News Bytes

Here’s a digest of news items that crossed my desk this past week:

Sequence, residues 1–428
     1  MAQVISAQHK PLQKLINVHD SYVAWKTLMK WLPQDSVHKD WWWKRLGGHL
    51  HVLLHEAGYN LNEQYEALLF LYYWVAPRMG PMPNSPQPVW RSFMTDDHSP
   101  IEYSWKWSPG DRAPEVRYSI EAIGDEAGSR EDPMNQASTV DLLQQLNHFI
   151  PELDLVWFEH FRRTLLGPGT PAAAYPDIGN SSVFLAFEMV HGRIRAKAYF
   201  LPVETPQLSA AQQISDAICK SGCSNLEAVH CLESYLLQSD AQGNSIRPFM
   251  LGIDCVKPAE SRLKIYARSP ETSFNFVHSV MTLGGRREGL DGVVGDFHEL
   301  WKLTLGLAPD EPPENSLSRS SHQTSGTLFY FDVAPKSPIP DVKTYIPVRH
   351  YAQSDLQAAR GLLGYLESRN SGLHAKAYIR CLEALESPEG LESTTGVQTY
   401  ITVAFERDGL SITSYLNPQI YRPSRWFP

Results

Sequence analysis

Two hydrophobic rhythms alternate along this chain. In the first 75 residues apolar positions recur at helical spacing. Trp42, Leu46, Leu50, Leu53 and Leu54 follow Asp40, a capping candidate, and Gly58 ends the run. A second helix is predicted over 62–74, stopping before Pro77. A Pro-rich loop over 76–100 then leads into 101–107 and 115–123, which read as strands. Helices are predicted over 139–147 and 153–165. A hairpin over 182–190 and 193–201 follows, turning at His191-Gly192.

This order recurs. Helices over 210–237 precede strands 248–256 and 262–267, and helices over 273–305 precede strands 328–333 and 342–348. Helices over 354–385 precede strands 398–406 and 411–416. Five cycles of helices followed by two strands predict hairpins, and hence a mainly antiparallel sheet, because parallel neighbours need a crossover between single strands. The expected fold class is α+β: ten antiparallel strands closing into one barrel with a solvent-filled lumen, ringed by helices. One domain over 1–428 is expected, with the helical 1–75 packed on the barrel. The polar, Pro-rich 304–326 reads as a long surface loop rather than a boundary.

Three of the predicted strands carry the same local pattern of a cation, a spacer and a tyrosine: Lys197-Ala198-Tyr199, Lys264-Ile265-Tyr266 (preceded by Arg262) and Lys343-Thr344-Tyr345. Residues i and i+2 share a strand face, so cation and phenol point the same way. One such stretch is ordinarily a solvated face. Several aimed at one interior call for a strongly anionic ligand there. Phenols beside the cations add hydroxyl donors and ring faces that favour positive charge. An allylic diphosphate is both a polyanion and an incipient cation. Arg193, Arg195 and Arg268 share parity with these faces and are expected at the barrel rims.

The FCC is about to change the playing rules for cable companies carriage of Public, Education & Government (PEG) channels on their channel offerings. These are more commonly referred to a ‘community-access’ channels. Advocates & supporters claim these offer one of the last real sources of non-filtered info or biased insight into civic, public-affairs & also educational opportunities via television. Ernesto Aguilar of the national Federation of Community Broadcasters wrote an op-ed piece in today’s RadioWorld discussing this subject. At issue is the FCC’s proposal that cable companies rules for mandatory carriage of these channels be relaxed, allowing once profitable cable operators a chance to recoup profits in the wake of major “cord-cutting” by the TV consuming public resulting in declining revenues. Ernesto Aguilar writes: “Whether it is televised city council and school board meetings, college courses or local public-affairs programming, PEG channels are a vital part of a city’s media choices. PEG channels are even more indispensable for working families, the elderly, those with limited transportation or other mobility issues, for whom PEG outlets give a window into our democratic procedures. In addition, because so many PEG channels also offer training in media and equipment, they may be the first place someone can go for an education in media that is more affordable than a big-city college. This learning as well as educational programming is doubled in a scattering of cities where PEG outlets offer both television and radio broadcasts.” Some cable companies report up to a 20% decrease in cable subscriptions this past year due to the emergence of streaming video services becoming the predominant means of accessing TV programming. Cable companies stand to gain by not providing the funding necessary to operate these channels. Aguilar goes on to state: “We live in an era where the public’s access to information is challenged as never before. Newspapers are closing. Social media is awash in misinformation and detritus. Virtually every media outlet has a spin of some kind on the news of the day. States are even changing laws to restrict access to proceedings. PEG channels are our last outpost for an unfiltered glimpse at city hall and our community. Even if there may be a valuable conversation to be had about fee structures for cable companies, yanking the rug out from cities and towns simply is not the answer. With the financial support PEG outlets get from fees, this remixing of generations’-old rules could be lethal to community access. PEG channels quietly uplift local economies, providing skills and nourishing the arts, business and many other fields. PEG channels’ funding should not only be held firm, but expanded, given their service to community media and Americans everywhere.”